Published Sep 26, 2015Giddy as all get-out, the four girls linked hands so they wouldn't lose each other as they wormed their way through a shoulder-to-shoulder crowd toward the stage, all excuse-mes and perfume. They never quite managed to reach the front when the cool night's headliner and his Mob of friends stormed through the theatre smoke in snug jeans and launched into "Lord Pretty Flacko Jodye 2."
One of the young women, her necklace gleaming the same platinum as A$AP Rocky's smile, tugged on a stranger's arm. "I see him!" she gushed, shaking slightly. "I can't believe he's right there."
Yes, A$AP's ascent to heartthrob and bona fide Grade A rap star is complete — though, at 26, there's no reason to believe the brash, fashionable, genre-blurring MC can't soar higher.
After honing his chops on the undercard of grand-scale tours by mega artists Rihanna and Drake, Harlem's Rakim Myers is now the main attraction, topping a bill that includes four disparate and dynamic male rap soloists.
"This is all about the creative artists," Rocky asserted. "I'm a fan of everybody on this bill."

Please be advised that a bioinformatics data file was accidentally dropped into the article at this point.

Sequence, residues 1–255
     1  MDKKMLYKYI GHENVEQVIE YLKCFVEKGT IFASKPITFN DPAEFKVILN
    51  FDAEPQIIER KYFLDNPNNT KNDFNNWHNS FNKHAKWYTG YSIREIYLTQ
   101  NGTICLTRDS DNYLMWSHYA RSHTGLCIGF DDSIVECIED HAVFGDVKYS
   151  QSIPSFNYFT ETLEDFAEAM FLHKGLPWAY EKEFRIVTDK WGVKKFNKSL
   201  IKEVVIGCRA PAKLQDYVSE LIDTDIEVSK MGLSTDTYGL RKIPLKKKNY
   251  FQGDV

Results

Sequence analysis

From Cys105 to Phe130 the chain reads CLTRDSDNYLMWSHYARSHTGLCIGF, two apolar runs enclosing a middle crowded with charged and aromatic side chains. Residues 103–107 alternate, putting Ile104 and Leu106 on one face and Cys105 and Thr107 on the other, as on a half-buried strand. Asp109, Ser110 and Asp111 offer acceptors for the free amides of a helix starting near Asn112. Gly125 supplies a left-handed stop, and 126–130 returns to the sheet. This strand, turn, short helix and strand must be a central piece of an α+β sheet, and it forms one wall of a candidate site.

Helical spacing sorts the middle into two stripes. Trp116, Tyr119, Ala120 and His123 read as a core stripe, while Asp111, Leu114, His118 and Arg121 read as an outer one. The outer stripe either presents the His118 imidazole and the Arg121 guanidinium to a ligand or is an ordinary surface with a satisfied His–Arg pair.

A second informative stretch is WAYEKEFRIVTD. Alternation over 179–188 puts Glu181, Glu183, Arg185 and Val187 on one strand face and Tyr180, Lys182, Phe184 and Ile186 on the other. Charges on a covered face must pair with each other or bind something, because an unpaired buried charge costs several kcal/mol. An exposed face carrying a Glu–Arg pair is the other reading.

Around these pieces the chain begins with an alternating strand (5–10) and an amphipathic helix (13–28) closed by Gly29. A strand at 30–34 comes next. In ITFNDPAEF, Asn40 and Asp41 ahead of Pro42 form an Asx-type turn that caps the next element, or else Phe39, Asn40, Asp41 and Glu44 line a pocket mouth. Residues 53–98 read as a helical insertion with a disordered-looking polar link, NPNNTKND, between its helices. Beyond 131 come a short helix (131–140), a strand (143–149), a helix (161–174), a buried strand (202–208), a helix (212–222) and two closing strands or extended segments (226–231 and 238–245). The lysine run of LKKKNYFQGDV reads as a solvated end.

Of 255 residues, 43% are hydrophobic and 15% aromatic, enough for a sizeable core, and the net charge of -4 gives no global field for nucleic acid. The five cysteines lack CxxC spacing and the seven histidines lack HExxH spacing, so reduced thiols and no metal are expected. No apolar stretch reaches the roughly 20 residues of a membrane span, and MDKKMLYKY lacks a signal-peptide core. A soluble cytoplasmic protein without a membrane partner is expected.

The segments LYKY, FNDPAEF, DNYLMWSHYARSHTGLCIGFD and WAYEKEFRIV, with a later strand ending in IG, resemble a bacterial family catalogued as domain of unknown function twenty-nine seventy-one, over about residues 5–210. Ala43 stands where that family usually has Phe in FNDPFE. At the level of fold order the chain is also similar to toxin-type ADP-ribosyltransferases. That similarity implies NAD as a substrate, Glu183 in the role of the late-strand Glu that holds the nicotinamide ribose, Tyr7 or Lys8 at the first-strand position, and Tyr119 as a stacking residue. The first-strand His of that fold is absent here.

Tightly organized and blasted through an incredibly sharp system (kudos to the sound guy!), the evening had a mini-festival feel. Openers Vince Staples (the 22-year-old lyrical menace from Long Beach) and Danny Brown (the 34-year-old molly-munching character from Detroit) slaughtered their 20-minute appearances with efficiency: no props, no hypemen, no banners, just personality and cagey beat selection.
Wildcard Tyler, The Creator's voice and flow are probably the least polished of the bunch, but that's kinda the point. His wardrobe rainbow and his energy manic, the Golf Wang honcho was at his best on aggressive tracks like "Death Camp" and "Yonkers," while the momentum dipped during "IFHY." To be fair, the dude had already performed in Toronto five days prior, at Riotfest. But this was more of an A$AP crowd.
What Rocky's 60-minute show lacked — musical accompaniment beyond a DJ; a sampling of catalogue bangers "Peso," "Fashion Killa," "Fuckin' Problems"; an appearance by A$AP Ferg or singer Joe Fox — it made up for in energy and execution of the best tracks from his new record. Heavy on At. Long. Last. A$AP, Rocky and three of his Mob associates used all three tiers of his set while running through "Electric Body," "Canal St.," "Holy Ghost" and "M'$." The guys encouraged an all-in crowd to party as the DJ spun House of Pain's "Jump Around" and Nirvana's "Smells Like Teen Spirit." Some fans bragged about scoring rum-and-Cokes with their fake I.D., others lit cigarettes and joints, some asked "What's your major?" It was Friday night, a full moon, sand underfoot, and Frosh Week wouldn't die.
So when 11 p.m. arrived, signalling the city's curfew for outdoor shows, Rocky — perhaps risking a fine — gave his devotees one more song, as promised.
"Wild for the Night."